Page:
Then rolled over.
Put words together to make a sentence.
After her diabetes diagnosis three weeks after her 2nd birthday, we looked forward to new milestones...
Recognizing and verbalizing a blood sugar problem.
Wearing an insulin pump.
Checking her own blood sugar.
Administering her own boluses.
It seems that, from the moment your child is diagnosed with diabetes, someone is talking about the benefits of diabetes camp. Before we left the hospital, I can't tell you how many people had told me how great the experience would be for her. Never mind that we were 7 camp years away from meeting the age requirement. Or that the idea of letting her out of my sight for 7 minutes was incomprehensible, let alone 7 days.
She starting asking about camp when she was around 3 years old. I was able to distract her, change the subject, and move on for a few years. And then, about 2 years ago, she would hear a friend mention their camp memories, and she wanted to know when she would be able to make some of her own. To be perfectly honest, I knew that "one day" she'd have her turn, but didn't know when *I* would be ready.
As this summer approached, she asked at least once a week. Then just about every other day. Then every day..."Will I get to go to camp this summer?" She knew she would be old enough for this summer's session. After having a taste of the camp experience several months prior, she insisted she was ready.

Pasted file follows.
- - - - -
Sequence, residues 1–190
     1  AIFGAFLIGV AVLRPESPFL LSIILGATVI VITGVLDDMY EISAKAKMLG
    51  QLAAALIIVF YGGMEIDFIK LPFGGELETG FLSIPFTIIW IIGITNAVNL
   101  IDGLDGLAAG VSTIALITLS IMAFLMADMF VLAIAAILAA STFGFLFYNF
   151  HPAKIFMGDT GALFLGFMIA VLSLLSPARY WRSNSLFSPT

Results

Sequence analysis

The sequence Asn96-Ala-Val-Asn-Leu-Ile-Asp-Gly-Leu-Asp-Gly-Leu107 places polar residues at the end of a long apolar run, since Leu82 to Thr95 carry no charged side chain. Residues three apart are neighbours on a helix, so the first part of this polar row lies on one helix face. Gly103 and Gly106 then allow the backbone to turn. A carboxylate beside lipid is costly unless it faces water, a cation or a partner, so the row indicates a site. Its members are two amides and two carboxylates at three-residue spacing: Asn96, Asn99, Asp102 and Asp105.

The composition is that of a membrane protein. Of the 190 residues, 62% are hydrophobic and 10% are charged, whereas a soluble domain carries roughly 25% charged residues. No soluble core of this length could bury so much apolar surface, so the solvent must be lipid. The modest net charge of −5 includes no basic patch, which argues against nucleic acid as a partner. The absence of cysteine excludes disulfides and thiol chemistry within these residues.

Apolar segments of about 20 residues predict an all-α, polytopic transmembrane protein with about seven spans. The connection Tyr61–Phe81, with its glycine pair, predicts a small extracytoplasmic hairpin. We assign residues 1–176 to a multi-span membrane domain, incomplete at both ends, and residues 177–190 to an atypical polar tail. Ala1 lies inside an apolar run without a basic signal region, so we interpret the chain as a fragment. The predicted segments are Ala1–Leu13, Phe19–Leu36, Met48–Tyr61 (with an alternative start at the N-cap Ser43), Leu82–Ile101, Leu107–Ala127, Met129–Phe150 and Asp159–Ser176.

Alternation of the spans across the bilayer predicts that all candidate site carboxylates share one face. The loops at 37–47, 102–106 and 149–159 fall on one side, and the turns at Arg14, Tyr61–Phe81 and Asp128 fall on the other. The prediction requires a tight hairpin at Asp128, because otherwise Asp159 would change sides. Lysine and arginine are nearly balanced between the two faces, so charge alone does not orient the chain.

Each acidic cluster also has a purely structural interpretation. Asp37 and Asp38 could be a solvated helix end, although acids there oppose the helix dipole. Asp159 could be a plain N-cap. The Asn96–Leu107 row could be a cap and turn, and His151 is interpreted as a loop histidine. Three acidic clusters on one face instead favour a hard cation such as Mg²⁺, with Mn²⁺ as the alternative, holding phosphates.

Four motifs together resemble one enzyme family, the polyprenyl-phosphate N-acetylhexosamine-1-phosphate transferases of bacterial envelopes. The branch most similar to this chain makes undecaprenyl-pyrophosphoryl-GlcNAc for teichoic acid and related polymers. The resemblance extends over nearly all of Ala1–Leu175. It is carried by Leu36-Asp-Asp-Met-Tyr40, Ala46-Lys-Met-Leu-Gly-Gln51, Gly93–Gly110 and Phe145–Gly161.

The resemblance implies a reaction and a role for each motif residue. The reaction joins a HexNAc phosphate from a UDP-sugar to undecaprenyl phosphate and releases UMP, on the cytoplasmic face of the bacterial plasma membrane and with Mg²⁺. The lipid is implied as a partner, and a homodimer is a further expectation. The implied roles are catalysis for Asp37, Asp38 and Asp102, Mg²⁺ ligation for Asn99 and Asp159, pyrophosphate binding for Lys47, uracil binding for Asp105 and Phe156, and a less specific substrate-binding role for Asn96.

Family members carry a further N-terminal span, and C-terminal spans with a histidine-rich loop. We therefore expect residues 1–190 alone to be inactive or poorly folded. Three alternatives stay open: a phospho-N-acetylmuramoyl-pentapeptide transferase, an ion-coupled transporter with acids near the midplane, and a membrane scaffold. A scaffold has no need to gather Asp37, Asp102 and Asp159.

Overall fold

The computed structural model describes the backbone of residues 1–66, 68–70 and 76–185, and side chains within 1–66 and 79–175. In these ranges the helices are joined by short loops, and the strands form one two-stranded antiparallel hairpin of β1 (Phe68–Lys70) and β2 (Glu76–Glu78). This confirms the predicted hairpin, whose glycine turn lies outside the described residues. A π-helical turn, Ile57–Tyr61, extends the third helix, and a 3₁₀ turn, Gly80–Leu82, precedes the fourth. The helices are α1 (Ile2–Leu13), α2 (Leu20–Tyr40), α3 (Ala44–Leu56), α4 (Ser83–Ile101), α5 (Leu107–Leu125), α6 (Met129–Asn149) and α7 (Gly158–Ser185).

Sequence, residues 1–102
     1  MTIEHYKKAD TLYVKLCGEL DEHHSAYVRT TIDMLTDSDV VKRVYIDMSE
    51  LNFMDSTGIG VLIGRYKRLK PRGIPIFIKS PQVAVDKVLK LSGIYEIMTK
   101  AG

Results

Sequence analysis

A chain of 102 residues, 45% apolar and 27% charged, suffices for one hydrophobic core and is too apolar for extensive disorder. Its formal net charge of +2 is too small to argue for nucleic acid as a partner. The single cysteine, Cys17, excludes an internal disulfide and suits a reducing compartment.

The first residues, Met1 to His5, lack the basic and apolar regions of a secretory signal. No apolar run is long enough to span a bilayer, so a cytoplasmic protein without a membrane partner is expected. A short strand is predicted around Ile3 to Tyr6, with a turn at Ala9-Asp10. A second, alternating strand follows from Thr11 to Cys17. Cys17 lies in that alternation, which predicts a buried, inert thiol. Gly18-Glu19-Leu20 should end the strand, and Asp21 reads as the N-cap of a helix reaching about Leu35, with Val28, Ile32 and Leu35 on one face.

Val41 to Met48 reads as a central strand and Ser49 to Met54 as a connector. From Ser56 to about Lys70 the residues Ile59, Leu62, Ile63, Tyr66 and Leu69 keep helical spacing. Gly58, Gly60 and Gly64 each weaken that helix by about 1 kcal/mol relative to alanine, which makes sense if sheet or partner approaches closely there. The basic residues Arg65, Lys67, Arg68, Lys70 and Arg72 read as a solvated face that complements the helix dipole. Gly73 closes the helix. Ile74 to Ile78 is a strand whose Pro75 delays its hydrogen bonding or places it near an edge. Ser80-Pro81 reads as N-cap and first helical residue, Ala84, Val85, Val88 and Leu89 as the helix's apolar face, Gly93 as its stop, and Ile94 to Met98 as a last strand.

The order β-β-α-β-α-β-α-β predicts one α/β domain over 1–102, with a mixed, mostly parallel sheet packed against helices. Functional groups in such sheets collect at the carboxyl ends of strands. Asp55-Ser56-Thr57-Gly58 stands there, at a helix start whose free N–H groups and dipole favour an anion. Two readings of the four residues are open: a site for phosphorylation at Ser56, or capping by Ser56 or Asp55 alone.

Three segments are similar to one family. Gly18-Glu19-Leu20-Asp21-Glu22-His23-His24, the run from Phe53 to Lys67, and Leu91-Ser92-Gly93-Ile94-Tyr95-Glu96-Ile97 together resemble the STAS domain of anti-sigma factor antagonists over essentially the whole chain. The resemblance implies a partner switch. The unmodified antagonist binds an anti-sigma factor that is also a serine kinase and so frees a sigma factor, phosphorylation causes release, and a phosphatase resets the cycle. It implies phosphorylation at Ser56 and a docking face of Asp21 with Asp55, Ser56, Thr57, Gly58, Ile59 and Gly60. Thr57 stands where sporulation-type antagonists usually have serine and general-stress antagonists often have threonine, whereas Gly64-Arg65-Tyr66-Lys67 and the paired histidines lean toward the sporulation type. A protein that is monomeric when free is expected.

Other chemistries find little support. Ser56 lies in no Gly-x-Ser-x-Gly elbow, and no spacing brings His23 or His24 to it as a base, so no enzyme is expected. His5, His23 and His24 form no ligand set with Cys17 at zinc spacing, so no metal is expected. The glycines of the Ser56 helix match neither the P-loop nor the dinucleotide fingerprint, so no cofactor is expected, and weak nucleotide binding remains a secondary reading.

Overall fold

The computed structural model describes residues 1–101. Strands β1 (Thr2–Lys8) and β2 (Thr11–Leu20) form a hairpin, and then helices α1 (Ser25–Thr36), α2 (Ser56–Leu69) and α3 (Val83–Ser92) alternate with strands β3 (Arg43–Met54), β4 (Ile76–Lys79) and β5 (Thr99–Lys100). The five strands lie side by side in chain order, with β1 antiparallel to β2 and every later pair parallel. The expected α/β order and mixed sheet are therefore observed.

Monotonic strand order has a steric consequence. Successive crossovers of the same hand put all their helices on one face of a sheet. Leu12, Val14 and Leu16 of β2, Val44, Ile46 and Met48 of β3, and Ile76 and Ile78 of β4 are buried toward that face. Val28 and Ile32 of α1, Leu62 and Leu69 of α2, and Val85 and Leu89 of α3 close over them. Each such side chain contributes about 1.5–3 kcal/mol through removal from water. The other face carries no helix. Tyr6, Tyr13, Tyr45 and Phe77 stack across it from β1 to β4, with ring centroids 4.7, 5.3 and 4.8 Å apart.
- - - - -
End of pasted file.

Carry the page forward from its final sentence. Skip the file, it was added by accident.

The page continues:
Seven days away from home.
No calls. No emails. No mother dressed in cammo, ducking in the woods wearing a hat of branches and leaves stalking her cabin.
She couldn't wait!
Seven days without my girl? Now, keep in mind that either her daddy or I have been there for every birthday party, every trip to a movie theater, every sleepover, every field trip...every everything. Even if it meant that Mr. Rose needed to use a vacation day or I needed to find someone to cover one of my shifts. We've always been there - lurking in the background, meter and strips prepared, juice box in hand.
And now, I'm just supposed to put her on a bus and send her away for S E V E N D A Y S?
And I did it.
I did it without crying. Without hesitating when the big moment arrived. Without questioning the decision that this was the right move for all of us.
I have to admit that we had a bit of a lonely week. Her sisters had a hard time saying good-bye, and I felt a sense of emptiness without having her around. I knew she was having the time of her life, but it didn't change the fact that I missed her terribly.
She had a blast. She rode horses, canoed, went swimming, shot a bow and arrow, made new friends, and loved the taste of independence. Diabetes was there -- just like it was for everyone else. Managed, but obviously not the center of attention.
Diabetes Camp Milestone.